Friday, August 08, 2014
Jason's work is mostly at graphic-novel length -- though all of his books were European albums first, so most of them are only 48 pages long -- but he has done shorter works periodically. (There's one previous collection, Low Moon, which I'm amused to see I reviewed at almost exactly the same point in my 2010 stretch of Book-A-Day.) In 2011, six of those shorter stories were collected as Athos in America.
Jason's stories are chilly and distanced even at full length, and they're perhaps even darker in brief: these six stories feature as much murder, mayhem, criminality, mad science, infidelity, and general bad behavior as any of his longer works, all presented in his trademark unblinking anthropomorphic deadpan affect.
If you've never read Jason before, you need to know that all of his characters have animal heads -- usually the same few looks, as if he maintains a repertory company in his pen and pulls out the same actors for different stories. Their eyes are large and fixed, with no pupils. They generally don't wear shoes. They inhabit our real world -- or perhaps the world of B-grade movies, all gangsters and deformed monsters and unlikely coincidences and violent death.
As usual for Jason, the mix here includes pulpy science fiction: "The Brain That Wouldn't Virginia Woolf" retells The Brain That Wouldn't Die with more bickering, and tells it in reverse; and "Tom Waits on the Moon" follows four seemingly separate characters and their regrets about love until mad science brings them together for one shattering moment. There's also pulpy crime: "The Smiling Horse" is a sequel of sorts to "&" from Low Moon, featuring unfortunate kidnappers, and "So Long, Mary Ann," the story of a love triangle and a jailbreak. The remaining two stories are less definable: the title story is somewhere in between historical fiction and fantasy, with the immortal Musketeer visiting New York in the 1920s on his way back from a failed run at Hollywood and on his way to Jason's earlier graphic novel The Last Musketeer. And "A Cat From Heaven" is somewhere in the realm of fake autobiography, as a cartoonist named Jason drinks heavily, fights with his girlfriend, has a bookstore reading, and gets mugged, on the way to creating this very story.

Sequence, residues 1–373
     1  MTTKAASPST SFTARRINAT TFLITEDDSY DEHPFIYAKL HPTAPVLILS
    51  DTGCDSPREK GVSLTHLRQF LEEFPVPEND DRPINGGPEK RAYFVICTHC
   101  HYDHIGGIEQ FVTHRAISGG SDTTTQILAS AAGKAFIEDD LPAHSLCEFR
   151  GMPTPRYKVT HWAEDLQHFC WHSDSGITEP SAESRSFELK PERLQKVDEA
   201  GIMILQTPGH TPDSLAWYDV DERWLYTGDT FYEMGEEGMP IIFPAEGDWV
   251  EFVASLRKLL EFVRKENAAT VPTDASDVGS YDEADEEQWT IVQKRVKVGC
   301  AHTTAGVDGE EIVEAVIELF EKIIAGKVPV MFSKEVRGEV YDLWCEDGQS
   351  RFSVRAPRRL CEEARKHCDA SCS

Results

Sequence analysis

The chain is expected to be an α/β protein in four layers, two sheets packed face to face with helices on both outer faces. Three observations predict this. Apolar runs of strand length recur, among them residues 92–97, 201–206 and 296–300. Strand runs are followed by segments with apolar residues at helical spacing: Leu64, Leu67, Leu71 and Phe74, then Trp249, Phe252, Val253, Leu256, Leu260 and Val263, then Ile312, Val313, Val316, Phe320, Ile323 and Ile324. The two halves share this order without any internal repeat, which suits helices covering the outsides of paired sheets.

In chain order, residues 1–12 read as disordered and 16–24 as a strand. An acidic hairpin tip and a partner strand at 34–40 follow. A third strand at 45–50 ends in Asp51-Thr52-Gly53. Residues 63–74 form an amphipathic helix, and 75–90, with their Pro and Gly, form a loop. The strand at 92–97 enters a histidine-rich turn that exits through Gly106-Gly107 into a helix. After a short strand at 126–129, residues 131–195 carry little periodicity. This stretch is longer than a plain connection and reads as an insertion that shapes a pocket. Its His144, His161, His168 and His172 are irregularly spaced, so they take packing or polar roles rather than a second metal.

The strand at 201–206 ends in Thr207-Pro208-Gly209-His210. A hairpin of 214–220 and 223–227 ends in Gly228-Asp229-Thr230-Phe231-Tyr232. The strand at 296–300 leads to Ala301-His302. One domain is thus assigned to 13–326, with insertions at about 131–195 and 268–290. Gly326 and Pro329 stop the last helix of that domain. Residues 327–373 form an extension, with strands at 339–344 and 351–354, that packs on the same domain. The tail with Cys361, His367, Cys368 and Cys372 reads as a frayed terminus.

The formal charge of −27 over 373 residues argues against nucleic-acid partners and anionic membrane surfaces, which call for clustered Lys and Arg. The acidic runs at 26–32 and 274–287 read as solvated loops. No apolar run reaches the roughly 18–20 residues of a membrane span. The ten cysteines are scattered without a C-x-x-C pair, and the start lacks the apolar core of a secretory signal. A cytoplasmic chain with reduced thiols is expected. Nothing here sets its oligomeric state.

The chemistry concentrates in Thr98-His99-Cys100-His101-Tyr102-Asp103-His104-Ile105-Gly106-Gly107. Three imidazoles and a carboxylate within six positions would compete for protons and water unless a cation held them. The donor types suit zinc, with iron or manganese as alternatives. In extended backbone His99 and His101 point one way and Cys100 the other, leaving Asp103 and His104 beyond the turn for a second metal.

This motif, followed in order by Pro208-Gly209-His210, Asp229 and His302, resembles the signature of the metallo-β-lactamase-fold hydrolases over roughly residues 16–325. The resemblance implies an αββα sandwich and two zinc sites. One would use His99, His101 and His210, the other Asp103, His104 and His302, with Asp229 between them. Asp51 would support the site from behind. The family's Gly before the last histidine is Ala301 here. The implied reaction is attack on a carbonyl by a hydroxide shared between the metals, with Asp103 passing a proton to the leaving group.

All of this is told in a rigid four-panel grid, mostly in medium shots: Jason's chilliness extends in all directions, from style to format to story. And he makes those simple lines and balloons of pared-down dialogue work every second: the stories in Athos in America all punch very hard for their length, and the total affect is even bleaker than a single full-length Jason book.
Book-A-Day 2014 Introduction and Index